Former nurse Niels Hoegel announced on Tuesday that she killed 100 patients on the first day of the trial in the biggest serial murder case in German post-war history.
Hoegel, 41, has spent nearly a decade in prison to obtain life imprisonment for other patients. He is accused of deliberately administering medical overdoses to the victims so that he can bring them back to life at the last moment.
When the trial began in the northern city of Oldenburg, presiding judge Sebastian Bührmann asked whether the charges against him were correct. Hoegel answered calmly "yes".
"What I've admitted has taken place," he told the courtroom, which was stuffed with dozens of grieving relatives.
Bührmann said that the main purpose of the trial was to determine the full extent of the series of murders, which was allowed to run unchecked for years at two German hospitals.
"It's like a house with dark rooms – we want to bring light into the darkness," he said.
After a minute's silence in the courtroom for the victims, the bearded, heavy-weighted Högel listened impassively, his head lowered as prosecutor Daniela Schiereck-Bohlmann read the name of each dead patient and the charges against the defendant.
"Small, vulnerable mass murderer"
According to the prosecution, at least 36 patients were killed in a hospital in Oldenburg, where he worked, and about 64 others in a clinic in nearby Delmenhorst between 2000 and 2005.
More than 130 bodies of patients who died on Hoegel's guard were exhumed, in a case that investigators have called "unprecedented in Germany to our knowledge."
One of the more than 100 co-prosecutors, Christian Marbach, said it was a scandal that Hoegel was allowed to kill for so long with impunity, without the hospital authorities or law enforcement agencies intervening.
"They had everything they needed (to stop him) – you do not have to be Sherlock Holmes," said Marbach, the grandson of one of the patients, AFP.
Hoegel told the court that he was "surprised" when, at the end of 2002, a senior physician at the Oldenburg hospital asked him to resign. He said he would get a positive referral and holiday pay if he volunteered.
"I felt bad as if I had been caught," Hoegel said, adding that he was never explicitly told why they wanted to let him go.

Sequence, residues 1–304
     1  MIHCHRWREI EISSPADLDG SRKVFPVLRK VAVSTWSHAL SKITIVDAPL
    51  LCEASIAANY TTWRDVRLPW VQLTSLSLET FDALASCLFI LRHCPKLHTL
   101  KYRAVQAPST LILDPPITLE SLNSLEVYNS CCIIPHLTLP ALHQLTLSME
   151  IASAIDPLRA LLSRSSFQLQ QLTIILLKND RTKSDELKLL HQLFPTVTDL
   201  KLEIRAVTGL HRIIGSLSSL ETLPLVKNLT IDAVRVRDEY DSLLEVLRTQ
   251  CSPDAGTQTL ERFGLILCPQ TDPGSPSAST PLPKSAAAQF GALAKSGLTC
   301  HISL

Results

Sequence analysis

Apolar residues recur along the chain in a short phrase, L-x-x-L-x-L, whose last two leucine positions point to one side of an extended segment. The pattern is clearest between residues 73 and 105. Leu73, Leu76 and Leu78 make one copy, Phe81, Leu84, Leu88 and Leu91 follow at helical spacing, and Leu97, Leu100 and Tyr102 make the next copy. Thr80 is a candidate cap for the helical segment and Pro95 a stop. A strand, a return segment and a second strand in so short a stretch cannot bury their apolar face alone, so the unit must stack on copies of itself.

Marbach said the defendant had been remarkably calm when he admitted to the extraordinary list of killings.
"He looks like a small, vulnerable mass murderer."
In 2005, Hoegel was sued for injecting a non-prescribed drug into a patient in Delmenhorst and sentenced to seven years in prison for attempted murder in 2008.
Another trial followed in 2014-15 under pressure from families of alleged victims.
He was found guilty of murder and attempted murder of five other victims and sentenced to a maximum of fifteen years.
It was then that Hoegel confessed to his psychiatrist at least 30 more in Delmenhorst committed murders. This prompted the investigators to take a closer look at suspicious deaths in Oldenburg.
At the booth on Tuesday, Hoegel said he had taken painkillers in 1999, shortly after he became a nurse, feeling overwhelmed by the stress of working in the intensive care unit.
"I should have stopped," he said.
Asked by the judge why he did not admit the murders so far, Hoegel said it was "out of shame" and because it took him a long time to face what he had done in the first hospital.
Only by reading the court records and the therapy did I recognize "the full dimension," he said.
Investigators say the last number could exceed 200, but they feared that they would never be safe because the bodies of many potential victims were cremated.
Hoegel seems to have performed a similar procedure each time by first injecting a drug that has triggered a cardiac arrest, followed by an often unsuccessful attempt at resuscitation.
Prosecutors say he is motivated by vanities to show his ability to save lives and simple "boredom".
The choice of the victim seems to be completely random, with an age between 34 and 96 years.
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